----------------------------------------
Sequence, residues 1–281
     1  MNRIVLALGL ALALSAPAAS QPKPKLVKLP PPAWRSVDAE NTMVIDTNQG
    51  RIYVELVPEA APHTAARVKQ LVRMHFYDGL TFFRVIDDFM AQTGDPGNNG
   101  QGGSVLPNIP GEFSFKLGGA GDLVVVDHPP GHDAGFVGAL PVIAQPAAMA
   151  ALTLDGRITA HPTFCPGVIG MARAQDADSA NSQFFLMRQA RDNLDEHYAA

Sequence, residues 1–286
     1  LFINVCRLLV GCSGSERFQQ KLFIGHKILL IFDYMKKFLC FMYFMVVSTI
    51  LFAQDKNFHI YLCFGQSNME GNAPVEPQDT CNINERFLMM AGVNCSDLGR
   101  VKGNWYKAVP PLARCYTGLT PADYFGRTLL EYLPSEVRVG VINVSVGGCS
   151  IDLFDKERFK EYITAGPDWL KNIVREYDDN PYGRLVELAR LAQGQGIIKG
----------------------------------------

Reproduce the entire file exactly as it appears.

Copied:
Sequence, residues 1–281
     1  MNRIVLALGL ALALSAPAAS QPKPKLVKLP PPAWRSVDAE NTMVIDTNQG
    51  RIYVELVPEA APHTAARVKQ LVRMHFYDGL TFFRVIDDFM AQTGDPGNNG
   101  QGGSVLPNIP GEFSFKLGGA GDLVVVDHPP GHDAGFVGAL PVIAQPAAMA
   151  ALTLDGRITA HPTFCPGVIG MARAQDADSA NSQFFLMRQA RDNLDEHYAA

Sequence, residues 1–286
     1  LFINVCRLLV GCSGSERFQQ KLFIGHKILL IFDYMKKFLC FMYFMVVSTI
    51  LFAQDKNFHI YLCFGQSNME GNAPVEPQDT CNINERFLMM AGVNCSDLGR
   101  VKGNWYKAVP PLARCYTGLT PADYFGRTLL EYLPSEVRVG VINVSVGGCS
   151  IDLFDKERFK EYITAGPDWL KNIVREYDDN PYGRLVELAR LAQGQGIIKG